APPELLATE COURT OF ILLINOIS, FIRST DISTRICT, FOURTH DIVISION
February 8, 1996
SANDRA J. CONOWAY, AS MOTHER AND NEXT FRIEND OF RANDY CONOWAY, A MINOR, AND ROBERT S. CONOWAY, PLAINTIFFS-APPELLANTS,
HANOVER PARK PARK DISTRICT, DEFENDANT-APPELLEE.
Appeal from the Circuit Court of Cook County. Honorable John W. Gustafson, Judge Presiding.
The Honorable Justice O'brien delivered the opinion of the court: Hoffman, P.j., and Cahill, J., concur.
The opinion of the court was delivered by: O'brien
The Honorable Justice O'BRIEN delivered the opinion of the court:
Sandra J. Conoway brought an action against defendant, Hanover Park Park District, seeking the recovery of damages for injuries allegedly suffered by nine-year-old Randy Conoway when he fell into a drainage ditch in Community Park. Counts I and II of the complaint were predicated upon negligence. Counts III and IV claimed willful and wanton misconduct. A bench trial was held on the complaint. At the close of plaintiffs' case, defendant moved for a directed finding in its favor pursuant to section 2-1110 of the Code of Civil Procedure (735 ILCS 5/2-1110 (West 1992)). The trial court granted the motion and entered judgment for defendant on all four counts. Plaintiffs appeal. We affirm.
During plaintiffs' case in chief, testimony established that defendant owns and maintains Community Park. At the front of the park is a brick administration building. The back portion of the building contains recreational facilities such as basketball, tennis, and racquetball courts. Surrounding the administration building is a moat constructed to prevent persons from damaging the building, provide security to those employed, and provide drainage for water run-off. As water builds up in the moat, it runs into the drainage ditch and eventually into a large retention pond.
A concrete dam separates the moat from the drainage ditch. Fishing is allowed on the concrete dam and along the banks of the drainage ditch. The public is not authorized to enter the water in the moat, retention pond, or drainage ditch.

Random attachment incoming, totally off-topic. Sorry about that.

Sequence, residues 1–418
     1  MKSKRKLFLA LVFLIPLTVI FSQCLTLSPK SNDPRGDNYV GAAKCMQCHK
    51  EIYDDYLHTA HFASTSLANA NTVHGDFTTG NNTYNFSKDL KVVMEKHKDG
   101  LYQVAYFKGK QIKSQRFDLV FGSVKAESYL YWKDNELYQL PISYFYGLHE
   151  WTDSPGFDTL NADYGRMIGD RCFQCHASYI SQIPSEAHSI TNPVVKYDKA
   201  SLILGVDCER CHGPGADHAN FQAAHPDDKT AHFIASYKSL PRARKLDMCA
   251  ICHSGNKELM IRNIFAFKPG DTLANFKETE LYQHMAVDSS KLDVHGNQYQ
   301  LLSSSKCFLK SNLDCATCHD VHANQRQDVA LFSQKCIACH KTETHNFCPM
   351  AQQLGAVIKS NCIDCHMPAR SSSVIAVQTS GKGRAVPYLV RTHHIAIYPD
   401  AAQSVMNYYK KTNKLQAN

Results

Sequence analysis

On June 26, 1988, Randy Conoway, Kevin Box, Matt Hughes, and Bill Huff were fishing for tadpoles and frogs on the cement dam in Community Park. Kevin bumped into Randy, causing Randy to fall into the drainage ditch. Randy landed "on all fours" in the water about three or four feet from the dam. Randy crawled 12 to 14 feet to the bank. When he reached the top of the bank, Randy noticed his left hand was bleeding.
Randy could not say what cut his hand. However, on the day of the accident the water and banks of the drainage ditch contained sharp glass debris. There was also a metal pole and a telephone pole in the water. Bill Huff noticed that when Randy first came up out of the water, his bleeding hand was on the telephone pole.
In counts I and II of their complaint, plaintiffs alleged defendant acted negligently by (1) failing to fence the drainage ditch and dam or otherwise prevent access to those areas by young children; (2) allowing broken bottles and other debris to accumulate at the bottom of the drainage ditch where it was hidden from view; and (3) failing to warn the public that the drainage ditch contained debris hidden beneath the water. The trial court granted defendant's motion for a directed finding (735 ILCS 5/2-1110 (West 1992)) on counts I and II pursuant to section 3-106 of the Local Governmental and Governmental Employees Tort Immunity Act (Tort Immunity Act), which states:
"Neither a local public entity nor a public employee is liable for an injury where the liability is based on the existence of a condition of any public property intended or permitted to be used for recreational purposes, including but not limited to parks, playgrounds, open areas, buildings or other enclosed recreational facilities, unless such local entity or public employee is guilty of willful and wanton conduct proximately causing such injury." (Emphasis added.) (745 ILCS 10/3-106 (West 1992).)
Plaintiffs appeal the directed finding in defendant's favor.